INDEPENDENT NEWS

An Open Letter from NZ Race Relations Commissioner

Published: Mon 11 Nov 2002 05:45 PM
An Open Letter from NZ Race Relations Commissioner
An Open Letter to New Zealand Citizens and Residents, Students, Tourists, Business People and Other Visitors of Asian Nationality or Descent in New Zealand. An Open Letter to New Zealand Citizens and Residents, Students, Tourists, Business People and Other Visitors of Asian Nationality or Descent in New Zealand.
Joris de Bres, Race Relations Commissioner
I trust I speak for the majority of New Zealanders when I say you are highly valued as citizens and residents or as visitors to this country.
Asian people have long been a part of New Zealand society, being among the earliest people to come here to live and work after the signing of the Treaty of Waitangi by New Zealand Maori and the British Crown in 1840.
For many years, there was legal discrimination against Asian people settling here permanently. Discrimination was not limited to Asians. It took other forms, for example, in the confiscation of land from Maori New Zealanders and in actively discouraging the use of their language and the exercise of their culture. There have been discriminatory restrictions on immigration from other countries, even our close neighbours in the Pacific Islands. Thankfully, that is now in the past, and we are working to remedy past injustices.
There are still people in New Zealand today who say Asian people are unwelcome. They are vocal and widely reported in our news media. They have the right to say what they think and feel, but it is disappointing when they exercise our highly valued freedom of speech in an irresponsible way that is hurtful to innocent people. Similar things have been said in the past about Irish people, European people, Jewish people and Pacific Island people. And yet all of these have settled in New Zealand and have helped to make New Zealand the diverse and prosperous country it is today.
Our country is a Maori and a multicultural society. Our modern culture was first a blend of Maori and British, and it has subsequently been enriched by cultures from all over the world, especially from continental Europe, the Pacific Islands and Asia.
The descendents of early settlers from Asia have been spectacularly successful in New Zealand, achieving highly in education, in the professions, in the public service and in commerce.
Today, New Zealand is derives many benefits from its Asian neighbours.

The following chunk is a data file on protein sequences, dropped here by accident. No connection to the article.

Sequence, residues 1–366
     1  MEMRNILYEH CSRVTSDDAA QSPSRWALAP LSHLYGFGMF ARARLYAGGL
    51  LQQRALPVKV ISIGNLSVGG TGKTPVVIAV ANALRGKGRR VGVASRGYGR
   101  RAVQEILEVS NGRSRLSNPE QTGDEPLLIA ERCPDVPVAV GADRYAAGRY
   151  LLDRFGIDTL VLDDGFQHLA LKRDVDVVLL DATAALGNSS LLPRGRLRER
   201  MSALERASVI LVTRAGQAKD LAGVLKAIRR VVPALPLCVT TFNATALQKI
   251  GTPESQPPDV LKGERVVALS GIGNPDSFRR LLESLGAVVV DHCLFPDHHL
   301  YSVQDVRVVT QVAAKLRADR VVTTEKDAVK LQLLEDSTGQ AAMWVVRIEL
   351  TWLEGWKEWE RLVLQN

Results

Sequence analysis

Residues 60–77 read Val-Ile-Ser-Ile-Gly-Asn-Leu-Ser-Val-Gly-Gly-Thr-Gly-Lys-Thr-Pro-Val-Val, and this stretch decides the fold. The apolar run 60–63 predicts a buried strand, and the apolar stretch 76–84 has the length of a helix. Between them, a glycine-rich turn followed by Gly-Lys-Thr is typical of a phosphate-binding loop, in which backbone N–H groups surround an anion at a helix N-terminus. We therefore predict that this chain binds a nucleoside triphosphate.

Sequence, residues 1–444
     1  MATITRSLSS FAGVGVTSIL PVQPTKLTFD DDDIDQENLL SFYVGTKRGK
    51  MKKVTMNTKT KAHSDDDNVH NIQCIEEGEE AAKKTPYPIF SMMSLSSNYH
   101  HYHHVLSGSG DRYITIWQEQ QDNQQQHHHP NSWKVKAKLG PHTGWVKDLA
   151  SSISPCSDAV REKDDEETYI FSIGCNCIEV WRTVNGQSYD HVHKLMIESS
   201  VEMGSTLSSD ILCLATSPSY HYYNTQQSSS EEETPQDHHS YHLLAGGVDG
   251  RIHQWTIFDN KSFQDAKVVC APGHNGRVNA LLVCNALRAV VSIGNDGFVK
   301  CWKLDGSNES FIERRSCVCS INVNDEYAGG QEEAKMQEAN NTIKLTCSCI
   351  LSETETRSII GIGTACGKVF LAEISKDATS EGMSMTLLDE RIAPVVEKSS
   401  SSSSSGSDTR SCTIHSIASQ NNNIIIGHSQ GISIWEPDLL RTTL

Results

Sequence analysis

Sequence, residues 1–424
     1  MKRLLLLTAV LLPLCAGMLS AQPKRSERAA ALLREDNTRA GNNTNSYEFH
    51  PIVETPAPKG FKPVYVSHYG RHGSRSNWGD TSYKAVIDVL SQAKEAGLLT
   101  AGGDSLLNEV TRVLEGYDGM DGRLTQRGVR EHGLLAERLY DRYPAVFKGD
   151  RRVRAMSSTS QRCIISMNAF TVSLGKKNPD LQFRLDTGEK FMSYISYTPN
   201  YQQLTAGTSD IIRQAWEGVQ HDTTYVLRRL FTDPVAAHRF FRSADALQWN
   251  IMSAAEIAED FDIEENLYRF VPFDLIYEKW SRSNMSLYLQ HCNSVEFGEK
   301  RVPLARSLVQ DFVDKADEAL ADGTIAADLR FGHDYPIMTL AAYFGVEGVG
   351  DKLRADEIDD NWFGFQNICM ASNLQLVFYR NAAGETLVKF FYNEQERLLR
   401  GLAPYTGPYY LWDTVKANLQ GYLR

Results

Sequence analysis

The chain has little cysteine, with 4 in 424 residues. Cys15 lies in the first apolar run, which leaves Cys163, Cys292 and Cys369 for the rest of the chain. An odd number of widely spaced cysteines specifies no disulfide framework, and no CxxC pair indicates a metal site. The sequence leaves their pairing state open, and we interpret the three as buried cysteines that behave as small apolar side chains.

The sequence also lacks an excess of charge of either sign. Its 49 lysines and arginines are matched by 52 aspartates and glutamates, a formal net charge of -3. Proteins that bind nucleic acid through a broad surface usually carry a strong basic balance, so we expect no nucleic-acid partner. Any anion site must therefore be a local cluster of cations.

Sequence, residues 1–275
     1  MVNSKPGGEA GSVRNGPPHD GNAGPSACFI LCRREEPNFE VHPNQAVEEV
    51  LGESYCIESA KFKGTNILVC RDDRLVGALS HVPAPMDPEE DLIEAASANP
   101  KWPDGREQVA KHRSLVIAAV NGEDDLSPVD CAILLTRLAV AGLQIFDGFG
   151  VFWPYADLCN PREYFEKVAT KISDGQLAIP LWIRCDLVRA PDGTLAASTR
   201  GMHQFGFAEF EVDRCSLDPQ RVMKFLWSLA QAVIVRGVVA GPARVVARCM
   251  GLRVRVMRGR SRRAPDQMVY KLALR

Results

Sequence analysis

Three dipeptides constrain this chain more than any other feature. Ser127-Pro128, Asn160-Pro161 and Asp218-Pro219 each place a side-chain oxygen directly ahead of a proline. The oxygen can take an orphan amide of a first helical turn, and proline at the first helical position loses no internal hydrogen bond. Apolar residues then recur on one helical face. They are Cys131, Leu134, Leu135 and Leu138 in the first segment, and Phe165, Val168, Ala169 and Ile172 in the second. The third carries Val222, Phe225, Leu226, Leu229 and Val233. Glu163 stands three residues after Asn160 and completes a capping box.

We benefit from new Asian migrants who are selected from applicants from throughout the world on the basis of their skill and their potential contribution to New Zealand. We would not be able to sustain our economy without the help of new migrants.
We benefit from Asian tourists who come here to experience our beautiful scenery. They provide jobs for thousands of New Zealanders.
We benefit from Asian students who come here to attend our schools and universities. The tuition fees they pay help to sustain our education system and provide income for those who offer accommodation and services.
We benefit from Asian business people who invest in our industries, help our businesses to be competitive and provide jobs for New Zealanders.
We benefit from trade with Asia, both from the many goods we purchase (our cars, our televisions, our computers, our clothes, and so much else), and the products we are able to sell. Many New Zealanders also visit Asian countries as tourists, to experience the warmth, the scenery and the many cultures.
You are welcome in New Zealand for all these reasons, but also because you enrich our culture, our understanding of and contact with the variety of the world’s peoples and our understanding of ourselves. To the extent that we need new migrants, people from Asia are welcome on the same basis as people from everywhere else in the world.
The rapid increase in migrants, tourists, students and other visitors from Asia over recent years is a new experience for us, and it has created some pressures, but we have been through similar experiences people from other continents and regions before. Sometimes it can be difficult to communicate, but if we all make the effort that can be overcome.
We would like you to learn about us – our Maori, European, Pacific Island, Asian and other cultures, and to teach us about the many different Asian cultures that you represent. Cross-cultural communication can be difficult, especially when we don’t speak each other’s languages very well. We both need to reach out to and be prepared to educate each other if we are going to cross those barriers. We want to live together in New Zealand, not separately.
We hope you will not be discouraged if you hear some people say thoughtless and unkind things about you. They hurt us as well as hurting you. Please don’t think we all think that way.
We hope you will enjoy your stay in New Zealand, whether it be temporary or permanent, that you will recognize the familiar faces of Asian New Zealanders, that you will feel welcome and at home and want to stay or come and visit us again.
If you are interested in information about your rights, or if you wish to make a complaint of discrimination, please call the Human Rights Commission InfoLine on 0800 4 YOUR RIGHTS / 0800 496 877.

Next in New Zealand politics

Surgical Wait List Hits New Record
By: New Zealand National Party
Intergenerational Climate Strike On September 23rd
By: School Strike 4 Climate
Public Input Sought To Inform Privacy Rules For Biometrics
By: Office of the Privacy Commissioner
Wage Growth Best On Record
By: New Zealand Government
Urgent Government Action Needed To Support Renters’ Human Rights
By: Human Rights Commission
Creating Sustainable Public Transport For All
By: New Zealand Government
View as: DESKTOP | MOBILE © Scoop Media